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Your Teen

Teen Athletes Leading the Nation in Tommy John Surgeries

2:00

Teen athletes accounted for more than half of the Tommy John surgeries performed in the U.S. from 2007 to 2011 according to a new study. The surgery is actually an ulnar collateral ligament reconstruction (UCLR) graft procedure in which the ulnar collateral ligament in the elbow is replaced with a tendon from elsewhere in the body. Tommy John was the first Major League baseball pitcher to have the surgery and the nickname has now become common use.

 “Our results showed that 15- to 19-year-olds accounted for 56.7 percent of the Ulnar Collateral Ligament Reconstruction (UCLR) or Tommy John surgeries performed in the US between 2007 to 2011," said lead study author Brandon Erickson, MD, of Rush University Medical Center in Chicago, in a press release. "This is a significant increase over time with an average increase of 9.12 percent per year.”

Once a player has the surgery, he or she needs a good 12 to 15 months of recovery time before they are able to return to a high level of sport activity. Oftentimes, a second surgery may be required as the athlete continues to strain the ligament.

Baseball pitchers are the athletes that most often require the surgery because of the way they pitch; overhanded instead of underhanded. Many believe that the problems start in the teenage years with players who throw harder than ever and don't ever take a month off.

Dr. Erickson and his team looked at a private insurance database to identify patients who received UCLR surgeries throughout the US.

About 4 out of every 100,000 patients who had surgery between 2007 and 2011 had a UCLR surgery. These patients were overwhelmingly male, with 32 percent coming from the 15- to 17-year-old age group and 22 percent coming from the 20- to 24-year-old age group.

These surgeries grew at a rate of 4.2 percent each year between 2007 and 2011. And more than half were performed in the southern region of the US.

Another reason many teen athletes are susceptible to injury is that they play only one sport and play year-round, never giving their immature bodies enough time to rest and repair.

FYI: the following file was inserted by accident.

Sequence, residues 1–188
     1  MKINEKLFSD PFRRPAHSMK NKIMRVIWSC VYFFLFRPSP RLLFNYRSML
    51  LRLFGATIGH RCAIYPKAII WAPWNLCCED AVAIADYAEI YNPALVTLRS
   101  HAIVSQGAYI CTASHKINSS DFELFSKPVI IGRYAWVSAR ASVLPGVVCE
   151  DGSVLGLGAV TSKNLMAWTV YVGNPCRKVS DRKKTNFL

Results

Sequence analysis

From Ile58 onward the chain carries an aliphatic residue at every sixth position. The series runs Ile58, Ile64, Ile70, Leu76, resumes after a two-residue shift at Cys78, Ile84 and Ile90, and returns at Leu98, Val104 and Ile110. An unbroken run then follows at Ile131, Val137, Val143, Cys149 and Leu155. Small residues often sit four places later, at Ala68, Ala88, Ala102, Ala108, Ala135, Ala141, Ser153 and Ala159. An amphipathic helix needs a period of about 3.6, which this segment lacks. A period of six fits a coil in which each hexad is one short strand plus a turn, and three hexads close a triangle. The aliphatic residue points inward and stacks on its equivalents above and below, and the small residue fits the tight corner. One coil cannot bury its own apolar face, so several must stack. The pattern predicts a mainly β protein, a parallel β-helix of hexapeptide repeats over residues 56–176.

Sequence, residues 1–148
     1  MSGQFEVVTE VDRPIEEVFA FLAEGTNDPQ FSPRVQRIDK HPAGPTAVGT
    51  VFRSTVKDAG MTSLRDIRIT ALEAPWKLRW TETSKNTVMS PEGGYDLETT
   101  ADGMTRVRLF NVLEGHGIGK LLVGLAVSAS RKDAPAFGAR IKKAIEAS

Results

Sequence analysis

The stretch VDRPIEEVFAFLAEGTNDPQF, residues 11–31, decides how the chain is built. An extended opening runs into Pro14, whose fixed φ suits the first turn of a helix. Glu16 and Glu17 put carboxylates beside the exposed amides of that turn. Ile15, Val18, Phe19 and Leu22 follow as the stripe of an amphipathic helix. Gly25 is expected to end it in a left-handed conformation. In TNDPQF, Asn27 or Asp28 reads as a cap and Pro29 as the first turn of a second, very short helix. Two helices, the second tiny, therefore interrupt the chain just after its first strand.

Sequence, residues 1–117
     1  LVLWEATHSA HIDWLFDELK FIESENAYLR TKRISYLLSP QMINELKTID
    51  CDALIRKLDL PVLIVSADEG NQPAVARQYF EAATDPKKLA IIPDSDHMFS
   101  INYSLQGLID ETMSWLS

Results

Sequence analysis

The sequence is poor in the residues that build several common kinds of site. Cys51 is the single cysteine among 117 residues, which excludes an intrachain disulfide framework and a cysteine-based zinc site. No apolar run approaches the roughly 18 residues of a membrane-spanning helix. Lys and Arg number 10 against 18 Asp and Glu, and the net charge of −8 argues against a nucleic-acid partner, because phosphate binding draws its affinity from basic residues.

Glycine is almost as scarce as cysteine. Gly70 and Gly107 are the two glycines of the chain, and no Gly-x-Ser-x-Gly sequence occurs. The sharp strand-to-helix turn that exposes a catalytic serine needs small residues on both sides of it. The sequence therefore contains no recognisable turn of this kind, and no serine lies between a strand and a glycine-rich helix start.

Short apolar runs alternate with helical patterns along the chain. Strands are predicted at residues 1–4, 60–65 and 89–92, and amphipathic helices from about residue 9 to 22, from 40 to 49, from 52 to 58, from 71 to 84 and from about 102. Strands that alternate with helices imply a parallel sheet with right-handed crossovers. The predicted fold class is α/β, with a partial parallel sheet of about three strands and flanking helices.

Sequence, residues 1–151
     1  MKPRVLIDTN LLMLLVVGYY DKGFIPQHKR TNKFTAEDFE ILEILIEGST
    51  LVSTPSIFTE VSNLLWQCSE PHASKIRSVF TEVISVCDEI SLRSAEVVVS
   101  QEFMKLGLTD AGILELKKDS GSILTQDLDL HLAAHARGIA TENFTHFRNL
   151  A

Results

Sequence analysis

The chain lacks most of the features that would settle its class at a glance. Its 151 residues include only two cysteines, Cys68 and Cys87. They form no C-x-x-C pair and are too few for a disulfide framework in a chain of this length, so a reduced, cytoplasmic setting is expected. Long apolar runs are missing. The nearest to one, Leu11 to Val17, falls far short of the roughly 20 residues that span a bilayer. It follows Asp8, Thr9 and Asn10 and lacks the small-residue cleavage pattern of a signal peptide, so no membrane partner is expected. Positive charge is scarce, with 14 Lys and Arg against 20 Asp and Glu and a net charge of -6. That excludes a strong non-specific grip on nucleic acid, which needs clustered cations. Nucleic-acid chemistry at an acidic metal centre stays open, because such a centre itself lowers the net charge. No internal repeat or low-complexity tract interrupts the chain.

According to Dr. Erickson, more attention should be given to prevention because overuse injuries tend to occur in intensive training and high-performance games.

"The research numbers suggest that more young athletes believe that having an UCLR procedure performed earlier in their career may lead to the big leagues or a scholarship, even though only 1 in 200 kids who play high school baseball will make it to the MLB," Dr. Erickson said. "This paradigm shift needs to be evaluated further to help prevent overuse injuries in kids from the beginning of the season when most issues arise."

Some teens simply play through the pain without considering the possible long-term physical problems that could quickly end the career they worked so hard to attain. It’s up to the adults in their lives to watch over and give them the guidance they need to stay healthy. Parents and coaches need to make sure that their kids and students are following the safety rules established by the sport associations and organizations.

This study was presented at the American Orthopaedic Society for Sports Medicine's annual meeting. Research presented at conferences may not have been peer- reviewed.

Source: Beth Greenwood, http://www.dailyrx.com/tommy-john-surgeries-elbow-overuse-injuries-were-common-teen-athletes

 

 

 

 

Your Child

Kids Who Specialize In One Sport Have More Injuries

Kids who came to the clinic with injuries played organized sports an average of 11 hours a week, compared with fewer than nine hours in the uninjured group. Although the researchers did not specifically look at this, Jayanthi said he has noticed that more highly specialized sports such as tennis, gymnastics and dance tend to be linked to more severe overuse injuries.Because a child’s body is still growing, children who specialize in only one sport suffer repetitive injuries more often, a new study says.